Marking the passing of the extraordinary and influential Irish American thinker: bioethicist, philosopher, author, editor, and so much more, Daniel John Callahan with some serious questions about Irish America's roots
It is one of a billion awful ironies these days that, 100 years ago, poor European Catholic immigrants were looked down upon because -- so the argument went -- they could never be “true” Americans. Yesterday’s anti-immigrant folks believed Catholics were too slavishly devoted to the Pope in Rome. They refused to ask critical questions because the church enforced rigid doctrine. They even set up their own segregated religious education system to push this dogma, didn’t they?
Catholics just didn’t dig American-style freedom.
And so, it is both comic and tragic that today’s Catholic immigrants -- mostly poor Central Americans -- are told they want to be too free! They are -- the thinking goes -- not thoughtlessly patriotic enough, and should just shut up (in English!) and assimilate and be thankful “they” are allowed into “our” country.
I know today’s angry anti-immigrant forces care little about the religion of the “invaders.” I also know a lot of these nativists are actually Roman Catholic -- well, at least they were baptized -- and in their mind that somehow makes them more American.
Because they are Christian. As if Catholics and Protestants haven’t had a beef or two over the years.
Ignorance truly is bliss.
The extraordinary Daniel John Callahan
It is in this confusing theological context that we mark the passing of an extraordinary and influential Irish American thinker: bioethicist, philosopher, author, editor, and so much more, Daniel John Callahan.
Callahan’s background is hardly packed with hallmarks of Irish American assimilation, things like civil service jobs or Tammany Hall glad-handing. He was raised in Washington, his father a journalist, and Callahan eventually attended Yale (!) on a swimming scholarship (!!), before marrying a young woman, Sydney deShazo, whom he met at a Yale-Bryn Mawr mixer (!!!).
But by the early 1960s, Callahan found himself at an extraordinary moment in American history. The Irish had been in America long enough to do some hard thinking about difficult topics (in places like Yale, for one, and Georgetown and Harvard, from which Callahan also earned degrees).
And the Catholic Church, in America and around the world, was also on the cusp of a more unlikely moment of reflection, highlighted by Pope John XXIII’s call for a Second Vatican Council in 1959 which opened three years later.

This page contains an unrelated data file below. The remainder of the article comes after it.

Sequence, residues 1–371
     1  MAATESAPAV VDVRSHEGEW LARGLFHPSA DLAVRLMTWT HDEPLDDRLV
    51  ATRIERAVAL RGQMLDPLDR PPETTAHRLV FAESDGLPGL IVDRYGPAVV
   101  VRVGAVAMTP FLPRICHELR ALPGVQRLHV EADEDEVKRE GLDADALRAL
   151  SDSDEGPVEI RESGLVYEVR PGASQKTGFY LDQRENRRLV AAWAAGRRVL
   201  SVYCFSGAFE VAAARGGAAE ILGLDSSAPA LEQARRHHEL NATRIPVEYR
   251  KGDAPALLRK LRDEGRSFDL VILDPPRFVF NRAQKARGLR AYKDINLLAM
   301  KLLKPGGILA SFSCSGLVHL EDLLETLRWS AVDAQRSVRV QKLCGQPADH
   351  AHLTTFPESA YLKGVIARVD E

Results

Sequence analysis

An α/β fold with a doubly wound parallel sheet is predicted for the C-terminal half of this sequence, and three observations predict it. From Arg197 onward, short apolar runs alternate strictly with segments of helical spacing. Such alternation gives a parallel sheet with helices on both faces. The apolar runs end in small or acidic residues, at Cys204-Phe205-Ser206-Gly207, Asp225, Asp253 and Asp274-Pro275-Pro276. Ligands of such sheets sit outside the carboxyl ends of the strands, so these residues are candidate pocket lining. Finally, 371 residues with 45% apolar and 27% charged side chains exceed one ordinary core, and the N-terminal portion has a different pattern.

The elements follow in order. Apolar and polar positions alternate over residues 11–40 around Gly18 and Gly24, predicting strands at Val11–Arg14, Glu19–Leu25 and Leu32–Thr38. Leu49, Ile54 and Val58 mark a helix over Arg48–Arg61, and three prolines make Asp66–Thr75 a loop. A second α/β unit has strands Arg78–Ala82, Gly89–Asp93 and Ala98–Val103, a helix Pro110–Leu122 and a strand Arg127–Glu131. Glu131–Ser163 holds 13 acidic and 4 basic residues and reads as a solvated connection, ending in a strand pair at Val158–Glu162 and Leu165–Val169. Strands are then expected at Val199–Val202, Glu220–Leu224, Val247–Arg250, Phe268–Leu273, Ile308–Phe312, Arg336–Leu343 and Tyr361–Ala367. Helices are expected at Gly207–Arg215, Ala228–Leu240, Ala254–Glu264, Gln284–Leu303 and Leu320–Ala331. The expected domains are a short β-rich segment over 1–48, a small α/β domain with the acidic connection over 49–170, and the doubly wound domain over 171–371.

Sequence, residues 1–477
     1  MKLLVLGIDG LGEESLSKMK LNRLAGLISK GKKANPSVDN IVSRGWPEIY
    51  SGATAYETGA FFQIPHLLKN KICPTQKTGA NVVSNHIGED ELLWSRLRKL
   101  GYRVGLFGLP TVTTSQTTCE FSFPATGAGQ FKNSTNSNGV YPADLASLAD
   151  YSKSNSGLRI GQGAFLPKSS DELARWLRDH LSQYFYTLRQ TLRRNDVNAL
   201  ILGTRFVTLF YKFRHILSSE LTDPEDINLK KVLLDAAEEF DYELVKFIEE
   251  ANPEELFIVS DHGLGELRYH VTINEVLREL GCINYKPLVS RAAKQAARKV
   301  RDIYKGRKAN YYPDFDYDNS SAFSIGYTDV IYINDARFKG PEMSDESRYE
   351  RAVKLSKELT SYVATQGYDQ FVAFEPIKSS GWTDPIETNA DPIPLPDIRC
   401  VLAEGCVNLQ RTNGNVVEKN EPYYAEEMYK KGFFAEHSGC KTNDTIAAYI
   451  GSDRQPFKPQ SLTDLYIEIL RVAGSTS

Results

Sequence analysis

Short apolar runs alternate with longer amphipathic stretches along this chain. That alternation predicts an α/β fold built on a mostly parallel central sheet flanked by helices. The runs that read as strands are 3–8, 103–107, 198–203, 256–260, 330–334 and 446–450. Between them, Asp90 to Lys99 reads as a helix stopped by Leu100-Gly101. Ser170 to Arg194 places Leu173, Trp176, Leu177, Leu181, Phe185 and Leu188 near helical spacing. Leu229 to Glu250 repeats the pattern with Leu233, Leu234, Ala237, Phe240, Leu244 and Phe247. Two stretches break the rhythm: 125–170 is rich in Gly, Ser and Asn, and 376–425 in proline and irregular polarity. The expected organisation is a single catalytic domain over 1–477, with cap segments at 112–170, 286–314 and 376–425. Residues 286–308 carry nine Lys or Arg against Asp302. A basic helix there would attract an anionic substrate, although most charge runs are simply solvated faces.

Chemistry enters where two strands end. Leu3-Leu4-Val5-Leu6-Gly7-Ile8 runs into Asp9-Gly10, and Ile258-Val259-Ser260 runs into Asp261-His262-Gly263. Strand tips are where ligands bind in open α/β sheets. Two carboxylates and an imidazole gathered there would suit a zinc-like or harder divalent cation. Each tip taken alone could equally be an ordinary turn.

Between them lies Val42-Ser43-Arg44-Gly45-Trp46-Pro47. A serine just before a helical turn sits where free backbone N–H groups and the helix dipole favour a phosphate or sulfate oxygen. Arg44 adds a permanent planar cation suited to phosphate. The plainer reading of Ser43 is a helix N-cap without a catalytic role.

Callahan made his own unique contributions in trailblazing books from that era, including The Mind of the Catholic Layman and Honesty in the Church. For much of the 1960s, he was also editor of the lay Catholic magazine Commonweal (to which I have contributed, full disclosure, over the years).
Even at this time of rigorous debate about the merits of tradition and reform -- at a time when the Kennedys were completing a remarkable Irish immigrant journey, whatever you think of them politically -- Kirkus Reviews opened a review of a Callahan book by lamenting the “conformity, docility and passivity of laymen within the church, unfortunately encouraged and promoted by many members of the hierarchy.”
Callahan, like so many Irish Americans in the 1960s and 1970s, left the church. As if a fellow like this -- as if so many of us -- could ever leave certain things behind by simply never darkening the door of a church or confessional ever again.
At least that's what a complex thinker like Daniel Callahan taught me.
First, you believe adherence to dogma is all that matters. Then you think rejection of dogmatic thinking is all that matters.
But that is the beginning, not end, of the messy work of trying to figure out what life is all about.
Lesson number one? You’re not likely ever going to quite figure out what life is all about. And you should be skeptical of someone who says they do.
One admirer told the Times, “Callahan was a rare figure respected by both liberals and conservatives.”
These days, if someone can say that about you, you’ve done something special.
You may even be a true Catholic American.
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